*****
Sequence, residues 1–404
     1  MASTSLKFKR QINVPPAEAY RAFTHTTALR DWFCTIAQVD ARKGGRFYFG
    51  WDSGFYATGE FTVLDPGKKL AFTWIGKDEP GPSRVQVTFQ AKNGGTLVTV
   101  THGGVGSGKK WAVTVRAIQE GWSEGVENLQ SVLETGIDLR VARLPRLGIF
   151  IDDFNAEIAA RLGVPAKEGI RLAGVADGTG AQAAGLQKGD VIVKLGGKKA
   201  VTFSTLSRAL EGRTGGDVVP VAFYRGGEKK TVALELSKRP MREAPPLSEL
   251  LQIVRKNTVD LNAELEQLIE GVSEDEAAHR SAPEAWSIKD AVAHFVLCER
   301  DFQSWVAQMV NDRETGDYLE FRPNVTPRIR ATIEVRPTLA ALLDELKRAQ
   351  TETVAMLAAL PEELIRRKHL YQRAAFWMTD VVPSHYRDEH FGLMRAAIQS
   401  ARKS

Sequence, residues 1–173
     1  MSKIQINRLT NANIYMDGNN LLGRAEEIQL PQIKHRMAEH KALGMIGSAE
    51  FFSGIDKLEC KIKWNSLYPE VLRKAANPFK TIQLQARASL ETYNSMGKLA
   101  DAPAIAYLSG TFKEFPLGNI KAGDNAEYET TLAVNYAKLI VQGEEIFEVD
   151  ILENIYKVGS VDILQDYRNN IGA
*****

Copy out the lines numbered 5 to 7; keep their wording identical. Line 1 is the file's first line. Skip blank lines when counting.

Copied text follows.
   151  IDDFNAEIAA RLGVPAKEGI RLAGVADGTG AQAAGLQKGD VIVKLGGKKA
   201  VTFSTLSRAL EGRTGGDVVP VAFYRGGEKK TVALELSKRP MREAPPLSEL
   251  LQIVRKNTVD LNAELEQLIE GVSEDEAAHR SAPEAWSIKD AVAHFVLCER